There is a complete lack of transparency when it comes to this governmental department. People are led to believe that the high welfare bill is down to the unemployed and the sick, when in fact, over 50% of the welfare spend is spent on people over pensionable age when you take into account pensions, pension credit and disability related benefits.
    It has created a hostile environment which led to the workshy scroungers accusations.

    Pensions should have it’s own department entirely.

    Those receiving sickness and disability benefits should be captured by a department for health and social care. Disability benefit assessment should be brought in house, using full access to a patients health records. It is the only way to provide a fair assessment into a persons needs and would cut down on unnecessary and expensive bureaucracy. Personal Independence Payment should be abandoned, This benefit was supposed to save the government 20% when in reality the most recent results has shown it has cost the Government 20% More than the original DLA. When will the Government ever learn that their top down reorganisations never work and always end up costing the tax payer more money and wasting billions of pounds.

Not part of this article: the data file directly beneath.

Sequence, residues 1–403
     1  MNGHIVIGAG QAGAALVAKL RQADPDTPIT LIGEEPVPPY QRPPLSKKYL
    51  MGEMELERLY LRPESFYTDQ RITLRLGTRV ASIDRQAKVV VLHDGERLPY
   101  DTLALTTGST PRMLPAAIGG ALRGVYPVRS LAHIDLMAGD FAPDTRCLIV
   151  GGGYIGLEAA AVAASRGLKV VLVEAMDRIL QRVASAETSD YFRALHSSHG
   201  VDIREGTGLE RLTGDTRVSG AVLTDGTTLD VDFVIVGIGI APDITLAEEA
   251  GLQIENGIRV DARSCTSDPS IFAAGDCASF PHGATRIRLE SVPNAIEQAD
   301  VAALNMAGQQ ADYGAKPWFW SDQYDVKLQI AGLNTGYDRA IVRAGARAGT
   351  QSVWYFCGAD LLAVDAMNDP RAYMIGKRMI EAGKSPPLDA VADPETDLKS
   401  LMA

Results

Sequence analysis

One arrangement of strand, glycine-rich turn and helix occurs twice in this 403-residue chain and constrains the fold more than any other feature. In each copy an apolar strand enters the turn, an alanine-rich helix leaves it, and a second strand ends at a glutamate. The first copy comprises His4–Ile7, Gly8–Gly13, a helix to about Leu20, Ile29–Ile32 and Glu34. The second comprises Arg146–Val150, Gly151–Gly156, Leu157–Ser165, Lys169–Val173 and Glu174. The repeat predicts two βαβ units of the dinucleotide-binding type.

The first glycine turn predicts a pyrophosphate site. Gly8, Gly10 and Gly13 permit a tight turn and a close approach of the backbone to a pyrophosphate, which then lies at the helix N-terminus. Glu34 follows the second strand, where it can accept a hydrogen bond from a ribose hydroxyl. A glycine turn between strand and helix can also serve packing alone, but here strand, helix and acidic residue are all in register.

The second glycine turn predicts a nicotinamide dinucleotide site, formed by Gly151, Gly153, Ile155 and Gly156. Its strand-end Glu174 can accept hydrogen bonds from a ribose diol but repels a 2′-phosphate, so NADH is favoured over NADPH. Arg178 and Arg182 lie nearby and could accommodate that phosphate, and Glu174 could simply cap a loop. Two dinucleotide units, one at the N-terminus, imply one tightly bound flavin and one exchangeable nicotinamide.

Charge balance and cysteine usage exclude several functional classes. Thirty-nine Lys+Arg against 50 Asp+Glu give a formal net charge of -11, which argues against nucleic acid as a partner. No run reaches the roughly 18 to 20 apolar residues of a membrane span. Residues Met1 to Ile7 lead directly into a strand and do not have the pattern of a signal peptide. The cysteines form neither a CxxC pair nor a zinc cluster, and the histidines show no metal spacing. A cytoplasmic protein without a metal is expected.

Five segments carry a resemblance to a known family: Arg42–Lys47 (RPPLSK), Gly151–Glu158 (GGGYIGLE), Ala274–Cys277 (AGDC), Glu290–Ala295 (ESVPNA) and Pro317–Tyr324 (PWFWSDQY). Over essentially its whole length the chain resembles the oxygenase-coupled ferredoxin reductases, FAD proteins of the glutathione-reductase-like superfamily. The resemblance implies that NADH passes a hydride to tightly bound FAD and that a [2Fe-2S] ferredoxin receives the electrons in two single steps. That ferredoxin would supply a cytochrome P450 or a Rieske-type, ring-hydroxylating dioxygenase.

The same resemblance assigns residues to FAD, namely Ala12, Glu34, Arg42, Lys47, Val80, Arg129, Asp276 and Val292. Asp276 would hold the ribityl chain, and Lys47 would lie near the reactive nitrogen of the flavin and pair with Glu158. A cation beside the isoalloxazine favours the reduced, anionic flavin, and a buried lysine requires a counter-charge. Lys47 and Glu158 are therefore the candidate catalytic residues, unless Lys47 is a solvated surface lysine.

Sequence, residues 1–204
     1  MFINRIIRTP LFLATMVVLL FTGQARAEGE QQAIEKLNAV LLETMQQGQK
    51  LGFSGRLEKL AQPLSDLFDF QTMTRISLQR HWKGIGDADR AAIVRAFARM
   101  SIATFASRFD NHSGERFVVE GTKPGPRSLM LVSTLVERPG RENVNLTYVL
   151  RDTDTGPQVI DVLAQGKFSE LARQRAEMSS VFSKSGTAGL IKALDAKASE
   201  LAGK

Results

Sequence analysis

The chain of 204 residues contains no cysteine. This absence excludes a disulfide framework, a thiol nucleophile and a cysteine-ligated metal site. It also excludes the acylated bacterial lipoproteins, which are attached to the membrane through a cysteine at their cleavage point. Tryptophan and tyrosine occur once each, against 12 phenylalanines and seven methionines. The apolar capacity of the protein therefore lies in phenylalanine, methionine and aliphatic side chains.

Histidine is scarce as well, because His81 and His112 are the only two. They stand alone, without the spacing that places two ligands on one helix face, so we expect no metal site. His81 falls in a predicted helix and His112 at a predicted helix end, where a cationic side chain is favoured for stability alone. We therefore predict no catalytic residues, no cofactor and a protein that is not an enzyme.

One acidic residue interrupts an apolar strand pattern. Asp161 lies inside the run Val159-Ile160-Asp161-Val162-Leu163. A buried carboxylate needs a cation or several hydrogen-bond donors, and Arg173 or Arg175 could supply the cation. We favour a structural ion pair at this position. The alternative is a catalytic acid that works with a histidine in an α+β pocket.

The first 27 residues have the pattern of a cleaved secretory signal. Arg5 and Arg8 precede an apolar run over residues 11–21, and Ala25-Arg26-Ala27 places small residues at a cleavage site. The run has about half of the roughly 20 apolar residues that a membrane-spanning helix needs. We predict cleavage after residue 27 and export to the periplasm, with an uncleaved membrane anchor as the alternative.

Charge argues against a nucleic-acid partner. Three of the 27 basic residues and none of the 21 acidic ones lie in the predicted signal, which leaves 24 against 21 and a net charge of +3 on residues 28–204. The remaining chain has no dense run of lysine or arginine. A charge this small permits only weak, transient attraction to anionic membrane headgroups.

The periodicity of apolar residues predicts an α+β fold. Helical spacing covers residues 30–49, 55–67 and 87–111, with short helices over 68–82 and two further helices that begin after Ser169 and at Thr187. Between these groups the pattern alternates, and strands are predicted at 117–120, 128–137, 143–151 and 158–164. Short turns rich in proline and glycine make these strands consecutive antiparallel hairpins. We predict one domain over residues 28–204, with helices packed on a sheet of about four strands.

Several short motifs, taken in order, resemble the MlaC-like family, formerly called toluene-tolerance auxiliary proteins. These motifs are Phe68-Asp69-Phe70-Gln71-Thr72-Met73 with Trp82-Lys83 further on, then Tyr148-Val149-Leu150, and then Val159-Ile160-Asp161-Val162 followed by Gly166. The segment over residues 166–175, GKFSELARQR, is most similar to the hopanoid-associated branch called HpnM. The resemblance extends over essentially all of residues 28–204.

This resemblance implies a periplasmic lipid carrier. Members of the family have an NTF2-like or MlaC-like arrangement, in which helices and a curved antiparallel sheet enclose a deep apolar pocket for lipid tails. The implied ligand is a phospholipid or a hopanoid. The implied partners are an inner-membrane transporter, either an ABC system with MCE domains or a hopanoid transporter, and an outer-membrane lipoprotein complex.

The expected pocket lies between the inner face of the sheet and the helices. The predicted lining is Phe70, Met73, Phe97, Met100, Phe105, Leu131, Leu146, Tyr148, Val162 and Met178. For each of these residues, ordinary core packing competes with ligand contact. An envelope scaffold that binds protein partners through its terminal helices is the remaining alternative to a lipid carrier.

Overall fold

There should be an entirely separate department for the department of work that deals just with unemployment and helping people back into work.

    Universal Credit has been another costly waste of money that is causing untold misery and poverty to vulnerable people and struggling families. When is the Government going to learn that in life, it is ok to say that we made a mistake and now realise that this policy is not an improvement on what we had before and we have decided to go back to the old system.

  • @David – while I agree that the roll out of Universal Credit should be paused, I don’t think it’s correct to say that the old system was working well either. But it does reveal the problems with introducing a new system and putting more effort into the announcements, and not enough into working through the practicalities.

    But the biggest single problem with universal credit is that it’s under-funded, and no amount of name changes, or alterations to how it is delivered will fix that.

  • Neil Sandison 27th Jan '19 - 8:23pm